It’s that time of term: the clocks have gone back, so there seems to be about 3 hours of daylight each day. You’ve got an unthinkable number of deadlines left, you’re hungover, and about to develop late onset freshers flu. At times like this, I highly value the importance of good food. Nothing soothes the body and soul better than a good meal, and Edamame is my haven of choice.
Edamame is a gem amongst the Oxford chains. The city’s authentic restaurants leave much to be desired, and unless you trek into deepest Cowley, you’re unlikely to find anything beyond your standard Pret and Mission Burrito. Walking off Holywell Street on a dark Saturday evening, the restaurant’s warmth and lively chatter welcomes you in. It’s small, and they don’t take bookings – your best bet is to get there at the beginning or end of service, and not in a group more than 4, or risk a significant queue. We arrived a little before 6, and were sitting down with a glass of sake within 10 minutes in a cosy corner by the kitchen.
Ask anyone living in Oxford who claims to enjoy good Japanese food, and they’ll surely point out Edamame. Sushi restau- rants in England often fall into two types: you’ve got the standard sushi chains: Itsu, Wasabi, Sushimania. Then you have the overpriced big names: Nobu, Araki, Tetsu – just some of London’s more than £100 a head restaurants.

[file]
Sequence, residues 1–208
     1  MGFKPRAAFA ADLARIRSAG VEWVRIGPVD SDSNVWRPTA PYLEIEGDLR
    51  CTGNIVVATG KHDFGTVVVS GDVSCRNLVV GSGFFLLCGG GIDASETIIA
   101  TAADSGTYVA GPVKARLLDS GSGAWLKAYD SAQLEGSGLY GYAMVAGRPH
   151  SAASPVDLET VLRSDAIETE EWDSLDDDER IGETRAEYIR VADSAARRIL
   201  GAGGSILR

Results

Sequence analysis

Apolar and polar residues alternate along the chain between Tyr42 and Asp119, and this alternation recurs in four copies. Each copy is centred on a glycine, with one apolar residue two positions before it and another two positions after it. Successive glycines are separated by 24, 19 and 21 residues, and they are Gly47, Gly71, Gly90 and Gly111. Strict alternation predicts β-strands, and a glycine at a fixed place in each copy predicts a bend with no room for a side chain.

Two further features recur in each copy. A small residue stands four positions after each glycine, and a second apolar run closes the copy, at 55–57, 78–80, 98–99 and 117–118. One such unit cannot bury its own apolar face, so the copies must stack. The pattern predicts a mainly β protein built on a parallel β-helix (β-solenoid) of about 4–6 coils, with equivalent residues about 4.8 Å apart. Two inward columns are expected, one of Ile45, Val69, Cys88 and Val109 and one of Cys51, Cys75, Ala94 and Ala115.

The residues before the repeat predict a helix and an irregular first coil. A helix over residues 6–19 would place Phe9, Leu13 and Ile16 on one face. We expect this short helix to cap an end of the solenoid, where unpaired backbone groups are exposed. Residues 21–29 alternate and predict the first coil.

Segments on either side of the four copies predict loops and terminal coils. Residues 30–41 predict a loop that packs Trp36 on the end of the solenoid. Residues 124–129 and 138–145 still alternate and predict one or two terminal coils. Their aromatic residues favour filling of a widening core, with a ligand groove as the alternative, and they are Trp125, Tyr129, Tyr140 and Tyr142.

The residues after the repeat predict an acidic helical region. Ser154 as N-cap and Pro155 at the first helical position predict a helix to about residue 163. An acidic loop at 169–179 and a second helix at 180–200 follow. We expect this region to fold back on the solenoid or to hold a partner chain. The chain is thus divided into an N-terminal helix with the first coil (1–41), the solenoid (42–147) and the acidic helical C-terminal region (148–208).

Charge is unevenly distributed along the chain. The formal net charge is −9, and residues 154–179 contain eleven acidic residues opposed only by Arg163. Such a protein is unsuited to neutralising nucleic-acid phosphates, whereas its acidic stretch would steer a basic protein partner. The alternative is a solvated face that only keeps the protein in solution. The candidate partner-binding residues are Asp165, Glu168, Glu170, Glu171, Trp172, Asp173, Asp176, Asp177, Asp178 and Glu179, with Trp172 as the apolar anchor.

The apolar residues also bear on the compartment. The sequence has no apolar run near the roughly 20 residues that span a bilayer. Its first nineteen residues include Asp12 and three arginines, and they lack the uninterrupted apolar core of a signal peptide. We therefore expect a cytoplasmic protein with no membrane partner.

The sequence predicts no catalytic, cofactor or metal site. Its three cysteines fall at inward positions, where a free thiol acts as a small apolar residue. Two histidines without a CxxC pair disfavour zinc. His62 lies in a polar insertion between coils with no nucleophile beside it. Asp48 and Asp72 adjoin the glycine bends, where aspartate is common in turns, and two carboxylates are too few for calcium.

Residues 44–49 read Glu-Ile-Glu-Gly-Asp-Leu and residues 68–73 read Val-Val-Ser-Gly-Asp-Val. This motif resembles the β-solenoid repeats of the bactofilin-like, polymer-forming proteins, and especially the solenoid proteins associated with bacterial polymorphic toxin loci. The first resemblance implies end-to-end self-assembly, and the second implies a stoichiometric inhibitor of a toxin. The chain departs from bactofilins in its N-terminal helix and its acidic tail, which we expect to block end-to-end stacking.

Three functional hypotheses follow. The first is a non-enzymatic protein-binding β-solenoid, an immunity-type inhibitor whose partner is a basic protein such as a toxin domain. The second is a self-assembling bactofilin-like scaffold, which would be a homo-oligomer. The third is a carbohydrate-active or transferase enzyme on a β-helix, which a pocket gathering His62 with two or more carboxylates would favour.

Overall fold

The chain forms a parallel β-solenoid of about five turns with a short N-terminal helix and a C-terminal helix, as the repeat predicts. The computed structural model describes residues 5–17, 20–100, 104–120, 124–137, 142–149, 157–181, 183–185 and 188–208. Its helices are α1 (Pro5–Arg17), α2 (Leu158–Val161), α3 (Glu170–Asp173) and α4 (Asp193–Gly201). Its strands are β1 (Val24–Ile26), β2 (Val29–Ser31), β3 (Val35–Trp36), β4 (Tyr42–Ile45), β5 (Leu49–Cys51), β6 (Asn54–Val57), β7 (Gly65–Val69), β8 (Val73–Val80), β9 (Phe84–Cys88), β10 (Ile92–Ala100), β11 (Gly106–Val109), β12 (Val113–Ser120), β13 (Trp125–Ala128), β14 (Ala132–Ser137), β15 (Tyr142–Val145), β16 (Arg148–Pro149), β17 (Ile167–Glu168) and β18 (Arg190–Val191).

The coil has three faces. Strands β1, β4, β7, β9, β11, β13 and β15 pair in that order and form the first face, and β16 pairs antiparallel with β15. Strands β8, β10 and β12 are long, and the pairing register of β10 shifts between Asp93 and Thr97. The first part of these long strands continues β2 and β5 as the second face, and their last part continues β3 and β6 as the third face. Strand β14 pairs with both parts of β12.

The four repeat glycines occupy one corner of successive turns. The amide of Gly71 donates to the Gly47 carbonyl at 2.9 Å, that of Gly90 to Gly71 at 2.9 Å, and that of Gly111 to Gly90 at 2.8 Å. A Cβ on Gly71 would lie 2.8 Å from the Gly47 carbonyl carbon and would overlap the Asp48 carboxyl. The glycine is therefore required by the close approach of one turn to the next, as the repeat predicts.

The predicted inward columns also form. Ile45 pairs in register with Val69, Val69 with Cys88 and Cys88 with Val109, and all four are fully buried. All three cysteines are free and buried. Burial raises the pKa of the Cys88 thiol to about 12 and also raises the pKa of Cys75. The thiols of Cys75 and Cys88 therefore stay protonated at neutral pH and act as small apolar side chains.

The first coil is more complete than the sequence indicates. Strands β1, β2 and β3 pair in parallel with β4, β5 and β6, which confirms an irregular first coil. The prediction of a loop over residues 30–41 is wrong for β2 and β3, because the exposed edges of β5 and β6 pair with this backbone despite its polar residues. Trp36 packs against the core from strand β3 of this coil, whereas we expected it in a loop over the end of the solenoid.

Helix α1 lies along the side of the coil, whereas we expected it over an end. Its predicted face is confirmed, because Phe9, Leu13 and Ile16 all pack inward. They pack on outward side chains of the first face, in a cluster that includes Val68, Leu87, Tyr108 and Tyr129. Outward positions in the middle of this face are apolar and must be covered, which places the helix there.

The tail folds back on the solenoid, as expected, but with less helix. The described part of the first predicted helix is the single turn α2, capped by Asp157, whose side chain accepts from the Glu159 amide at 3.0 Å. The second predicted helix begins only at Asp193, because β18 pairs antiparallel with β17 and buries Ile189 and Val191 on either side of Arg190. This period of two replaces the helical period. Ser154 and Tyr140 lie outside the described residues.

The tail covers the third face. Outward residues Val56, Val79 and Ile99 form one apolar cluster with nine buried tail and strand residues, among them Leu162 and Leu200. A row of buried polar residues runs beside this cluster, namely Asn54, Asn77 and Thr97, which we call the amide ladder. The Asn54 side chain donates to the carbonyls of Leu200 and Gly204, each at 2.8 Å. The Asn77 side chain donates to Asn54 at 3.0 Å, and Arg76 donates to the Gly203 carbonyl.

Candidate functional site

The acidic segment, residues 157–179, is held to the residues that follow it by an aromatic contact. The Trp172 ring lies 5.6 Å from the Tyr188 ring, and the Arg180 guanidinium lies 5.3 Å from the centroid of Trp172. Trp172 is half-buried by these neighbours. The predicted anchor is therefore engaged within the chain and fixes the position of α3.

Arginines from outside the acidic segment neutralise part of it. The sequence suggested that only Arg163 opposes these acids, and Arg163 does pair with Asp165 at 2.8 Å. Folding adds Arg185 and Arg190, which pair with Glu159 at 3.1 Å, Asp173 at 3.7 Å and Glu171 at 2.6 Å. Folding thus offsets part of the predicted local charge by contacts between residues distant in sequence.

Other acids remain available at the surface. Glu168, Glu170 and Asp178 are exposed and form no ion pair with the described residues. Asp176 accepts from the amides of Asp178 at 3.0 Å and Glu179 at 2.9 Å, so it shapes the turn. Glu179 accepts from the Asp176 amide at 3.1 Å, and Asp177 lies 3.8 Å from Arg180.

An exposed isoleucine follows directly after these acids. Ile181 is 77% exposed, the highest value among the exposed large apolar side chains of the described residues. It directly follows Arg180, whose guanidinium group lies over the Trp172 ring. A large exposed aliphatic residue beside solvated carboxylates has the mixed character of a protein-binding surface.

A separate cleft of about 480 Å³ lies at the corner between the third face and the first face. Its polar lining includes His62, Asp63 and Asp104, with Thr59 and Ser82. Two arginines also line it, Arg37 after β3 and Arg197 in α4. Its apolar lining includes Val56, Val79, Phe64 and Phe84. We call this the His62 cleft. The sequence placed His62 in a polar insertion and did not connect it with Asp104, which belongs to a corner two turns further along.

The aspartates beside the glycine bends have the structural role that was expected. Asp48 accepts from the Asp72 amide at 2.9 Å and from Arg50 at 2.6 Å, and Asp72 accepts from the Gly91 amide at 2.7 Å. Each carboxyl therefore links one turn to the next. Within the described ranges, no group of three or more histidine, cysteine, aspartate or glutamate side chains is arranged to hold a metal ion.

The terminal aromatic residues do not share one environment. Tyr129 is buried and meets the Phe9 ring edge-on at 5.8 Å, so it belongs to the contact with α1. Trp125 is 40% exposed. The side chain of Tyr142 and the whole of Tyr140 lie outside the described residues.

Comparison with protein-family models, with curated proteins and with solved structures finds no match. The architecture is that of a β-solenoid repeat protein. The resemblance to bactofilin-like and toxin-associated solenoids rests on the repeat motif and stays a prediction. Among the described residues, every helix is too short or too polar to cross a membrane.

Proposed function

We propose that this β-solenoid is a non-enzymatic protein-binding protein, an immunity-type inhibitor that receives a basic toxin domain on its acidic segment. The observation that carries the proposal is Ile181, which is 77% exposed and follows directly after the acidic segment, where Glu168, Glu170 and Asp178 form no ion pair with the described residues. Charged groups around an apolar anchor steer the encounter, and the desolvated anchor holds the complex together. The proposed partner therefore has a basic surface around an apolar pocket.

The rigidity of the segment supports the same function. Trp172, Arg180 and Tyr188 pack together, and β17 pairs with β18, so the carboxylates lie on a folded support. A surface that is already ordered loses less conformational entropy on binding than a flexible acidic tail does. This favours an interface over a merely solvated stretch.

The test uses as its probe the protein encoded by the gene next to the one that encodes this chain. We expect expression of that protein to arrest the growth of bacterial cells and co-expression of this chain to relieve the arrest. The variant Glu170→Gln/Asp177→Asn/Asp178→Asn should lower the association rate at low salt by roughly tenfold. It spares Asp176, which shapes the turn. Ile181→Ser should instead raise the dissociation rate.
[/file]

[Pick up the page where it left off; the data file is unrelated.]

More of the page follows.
What’s far harder to find (and I’ve found to be one of the more endless searches) is a middle ground; affordable, but still authen- tic, convenient, but still quality. Edamame is perhaps the first place I’ve found that ticks every box, and it could not do it better. It’s been open in the same premises since 1998, and its charming location perfectly suits its homely atmosphere.
We read the menus while waiting in the queue; as we’re there on a Saturday, it’s the standard menu (sushi night is Thursday, and equally absolutely worth the huge queue). We start with the restaurant’s namesake, steamed edamame beans, as well as some sparkling sake and green tea. They also bring the bata horenso, some beautifully seasoned pan fried spinach, and jaga batu, fried potato chunks which are perhaps one of the restaurant’s blander offering. The food comes quickly – their table turning is pretty frequent, as befits a restaurant that, by eye, doesn’t sit more than 25 people at a time. In quick succession follows the samon furai, a salmon fillet deep fried in bread- crumbs – the salmon remains tender, and falls apart nicely ; the chikin katsu – edamame’s take on the now eponymous Japanese fried chicken; and finally the samon teri, a salmon fillet poached in teriyaki sauce which was universally agreed to be the restaurant’s strongest offering – sweet, but not overpoweringly so.
I can very much attest to Edamame’s claim of home cooked style Japanese food, and it certainly revived our group. The bill came out at around £16 each – incredibly reasonable for food of this quality. If you’re suffering from mid-term woes, and you need some comfort food to make better your essay crisis: Edamame is the place to go, and it’s worth the wait.